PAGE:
In the age of technology, I think that a lot of teenagers are aware of how most things work and how to prevent pregnancy. I wish I had known options then. No one talked to me about having healthy relationships or what unhealthy relationships looked like. That’s the thing that’s most likely to lead to teen pregnancy. I think parents and counselors need to learn to recognize the signs of a child who might be in trouble and start doing things about it.

In my case, it was probably fairly obvious. I had older boyfriends, I stayed away from home a lot, it was obvious I was going down the wrong path but no one did anything about it. When I told my parents I was pregnant, they weren’t surprised. It seemed like they kind of expected it. I found this very hurtful. I wish more adults would see signs that a teen was in trouble and know to take action. I especially think adults should focus on the emotional aspects of empowering young adults to make good and healthy decisions in relationships.


Q. Can you share a memory about a person or service who was most helpful to you when you were pregnant/a teen working through these decisions?

I had a friend who was very supportive of me. Through the process of being pregnant and giving birth, I really lost most of my friends. It was really alienating. But this friend was always there. She sat next to me in my first class of the day and would always check-in. She’s my best friend to this day and an Aunt to my daughter and other children. Simple friendship and staying with me gave me some continuity in my life in a time when everything was changing.


Q. What do you wish you had, what would have been helpful, or what support do you think was missing that would have been most helpful to you?

I think I had a lot of support. I was pretty fortunate. My parents continued to support me and made sure I was able to make it through college and succeed in life. I know not a lot of teen parents have access to this. If you’re a teen parent and want to think about going to college, you need to think about how you’ll pay for the school itself and then how to pay for daycare. This can be overwhelming and can stop teen parents from getting a career. This then perpetuates the cycle. I think we’re all aware that certain social and economic statuses that tend to have higher rates of teen pregnancy. We need to uplift teen mothers by helping them continue their education or find stable employment.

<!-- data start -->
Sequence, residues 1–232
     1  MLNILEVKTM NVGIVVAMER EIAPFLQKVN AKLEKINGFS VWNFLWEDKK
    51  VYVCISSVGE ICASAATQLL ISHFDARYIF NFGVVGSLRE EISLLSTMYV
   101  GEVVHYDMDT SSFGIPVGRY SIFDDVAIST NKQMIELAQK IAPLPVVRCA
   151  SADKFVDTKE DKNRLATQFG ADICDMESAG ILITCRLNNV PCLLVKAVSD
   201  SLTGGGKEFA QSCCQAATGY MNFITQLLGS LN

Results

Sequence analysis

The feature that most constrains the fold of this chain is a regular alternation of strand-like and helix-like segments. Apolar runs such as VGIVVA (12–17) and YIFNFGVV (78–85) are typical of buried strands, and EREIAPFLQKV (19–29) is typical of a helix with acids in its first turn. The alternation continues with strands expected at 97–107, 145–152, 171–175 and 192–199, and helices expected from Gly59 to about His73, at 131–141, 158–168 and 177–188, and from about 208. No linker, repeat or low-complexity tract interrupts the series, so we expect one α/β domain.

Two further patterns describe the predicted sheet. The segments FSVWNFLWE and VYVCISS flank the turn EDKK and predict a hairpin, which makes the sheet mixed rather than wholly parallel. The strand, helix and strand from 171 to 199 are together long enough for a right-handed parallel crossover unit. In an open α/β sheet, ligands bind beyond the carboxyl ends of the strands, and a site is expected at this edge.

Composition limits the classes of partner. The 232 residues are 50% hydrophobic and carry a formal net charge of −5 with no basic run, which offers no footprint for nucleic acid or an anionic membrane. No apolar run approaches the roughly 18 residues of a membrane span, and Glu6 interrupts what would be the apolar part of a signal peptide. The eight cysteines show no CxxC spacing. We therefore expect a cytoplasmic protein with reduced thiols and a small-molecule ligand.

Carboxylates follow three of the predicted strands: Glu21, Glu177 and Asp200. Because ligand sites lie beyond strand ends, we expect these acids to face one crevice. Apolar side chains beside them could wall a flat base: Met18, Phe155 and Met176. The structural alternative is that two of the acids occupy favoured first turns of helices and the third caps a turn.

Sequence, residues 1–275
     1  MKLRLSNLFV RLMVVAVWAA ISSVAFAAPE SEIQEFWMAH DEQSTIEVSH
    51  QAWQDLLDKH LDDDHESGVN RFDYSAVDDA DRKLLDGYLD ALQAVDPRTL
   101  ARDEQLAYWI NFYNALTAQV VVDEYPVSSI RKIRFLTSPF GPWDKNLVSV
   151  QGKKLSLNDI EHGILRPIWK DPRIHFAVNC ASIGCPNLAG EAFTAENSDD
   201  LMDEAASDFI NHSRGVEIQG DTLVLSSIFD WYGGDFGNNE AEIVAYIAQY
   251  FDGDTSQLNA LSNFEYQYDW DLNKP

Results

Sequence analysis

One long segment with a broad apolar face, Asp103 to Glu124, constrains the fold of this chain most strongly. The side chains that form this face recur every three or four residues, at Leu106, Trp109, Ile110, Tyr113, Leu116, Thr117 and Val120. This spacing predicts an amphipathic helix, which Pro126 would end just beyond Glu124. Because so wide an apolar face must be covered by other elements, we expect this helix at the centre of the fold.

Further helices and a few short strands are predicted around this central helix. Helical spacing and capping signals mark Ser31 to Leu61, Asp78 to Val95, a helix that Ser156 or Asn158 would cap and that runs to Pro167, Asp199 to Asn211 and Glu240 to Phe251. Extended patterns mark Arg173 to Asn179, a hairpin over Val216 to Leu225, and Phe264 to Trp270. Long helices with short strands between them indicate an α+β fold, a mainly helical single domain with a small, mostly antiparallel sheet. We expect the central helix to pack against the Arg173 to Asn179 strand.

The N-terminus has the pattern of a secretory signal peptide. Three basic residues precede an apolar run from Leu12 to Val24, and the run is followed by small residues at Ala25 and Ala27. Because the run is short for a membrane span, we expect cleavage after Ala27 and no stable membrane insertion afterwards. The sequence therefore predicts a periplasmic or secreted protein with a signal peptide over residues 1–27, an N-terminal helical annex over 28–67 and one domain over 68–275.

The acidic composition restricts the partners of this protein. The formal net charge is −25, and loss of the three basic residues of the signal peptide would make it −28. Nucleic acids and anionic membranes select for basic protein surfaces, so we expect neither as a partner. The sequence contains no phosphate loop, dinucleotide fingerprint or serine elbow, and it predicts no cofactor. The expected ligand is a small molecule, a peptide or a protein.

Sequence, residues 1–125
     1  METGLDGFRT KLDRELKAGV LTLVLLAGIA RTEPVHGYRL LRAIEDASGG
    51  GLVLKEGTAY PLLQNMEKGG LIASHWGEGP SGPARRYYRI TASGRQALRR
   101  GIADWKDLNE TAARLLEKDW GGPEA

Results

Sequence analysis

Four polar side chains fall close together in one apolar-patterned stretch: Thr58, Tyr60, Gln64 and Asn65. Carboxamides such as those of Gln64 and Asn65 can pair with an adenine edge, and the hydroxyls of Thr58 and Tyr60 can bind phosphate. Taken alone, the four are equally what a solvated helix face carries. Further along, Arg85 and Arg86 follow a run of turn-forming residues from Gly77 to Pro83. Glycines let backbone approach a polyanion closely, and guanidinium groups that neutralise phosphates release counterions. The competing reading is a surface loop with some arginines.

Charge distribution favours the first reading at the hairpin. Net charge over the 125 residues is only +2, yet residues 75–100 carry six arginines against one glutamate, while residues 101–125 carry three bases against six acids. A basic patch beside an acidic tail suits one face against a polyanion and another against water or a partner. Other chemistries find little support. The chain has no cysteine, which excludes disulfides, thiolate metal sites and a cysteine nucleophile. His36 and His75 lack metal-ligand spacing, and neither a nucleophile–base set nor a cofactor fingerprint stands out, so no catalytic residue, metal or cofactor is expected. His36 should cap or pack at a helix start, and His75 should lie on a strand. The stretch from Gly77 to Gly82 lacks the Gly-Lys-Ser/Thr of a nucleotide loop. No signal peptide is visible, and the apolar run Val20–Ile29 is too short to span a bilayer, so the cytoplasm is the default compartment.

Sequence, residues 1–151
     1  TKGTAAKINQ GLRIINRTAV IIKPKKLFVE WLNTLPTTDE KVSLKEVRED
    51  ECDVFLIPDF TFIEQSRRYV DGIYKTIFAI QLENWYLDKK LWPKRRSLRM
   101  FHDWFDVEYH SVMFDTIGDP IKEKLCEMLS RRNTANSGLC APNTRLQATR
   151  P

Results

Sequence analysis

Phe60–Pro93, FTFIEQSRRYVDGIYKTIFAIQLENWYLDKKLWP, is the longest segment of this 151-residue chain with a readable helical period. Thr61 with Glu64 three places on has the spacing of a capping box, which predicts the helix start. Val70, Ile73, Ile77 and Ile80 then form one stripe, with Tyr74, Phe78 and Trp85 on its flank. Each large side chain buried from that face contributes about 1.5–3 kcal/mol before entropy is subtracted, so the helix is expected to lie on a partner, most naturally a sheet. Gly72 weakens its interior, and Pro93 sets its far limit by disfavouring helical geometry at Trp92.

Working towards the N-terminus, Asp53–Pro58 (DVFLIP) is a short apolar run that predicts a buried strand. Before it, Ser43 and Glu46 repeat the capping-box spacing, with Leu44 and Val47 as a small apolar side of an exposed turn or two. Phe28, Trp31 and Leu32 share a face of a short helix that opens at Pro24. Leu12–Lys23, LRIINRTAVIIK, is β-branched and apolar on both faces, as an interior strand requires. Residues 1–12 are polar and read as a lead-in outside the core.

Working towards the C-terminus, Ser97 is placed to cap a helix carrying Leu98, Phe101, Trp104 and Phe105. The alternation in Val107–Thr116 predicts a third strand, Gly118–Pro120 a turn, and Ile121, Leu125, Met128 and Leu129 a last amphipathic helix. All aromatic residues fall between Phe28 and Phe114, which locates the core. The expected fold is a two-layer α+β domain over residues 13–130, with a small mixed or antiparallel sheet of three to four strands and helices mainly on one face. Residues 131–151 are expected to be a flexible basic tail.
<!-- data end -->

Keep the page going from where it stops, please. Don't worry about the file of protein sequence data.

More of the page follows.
Another thing I wish I had would be a sense of community. It was alienating to be in college as a parent. You can’t socialize or do any of the things that you associate with college when you only have daycare from 8 am- 5 pm. I went to UT and lived at home. That wasn’t my original plan; I wanted to go away to college but needed to stay close so that my parents could support me. I was in the top percentile of my class so I was automatically admitted. My daughter was four months old when I started college. As soon as she became mobile and started talking, balancing school became really difficult. It took me seven years to graduate. College was the longest and hardest years of both my life and my daughter’s life. I think that it would be great if we could find a way to be more supportive of young parents going to college and trying to get their degree.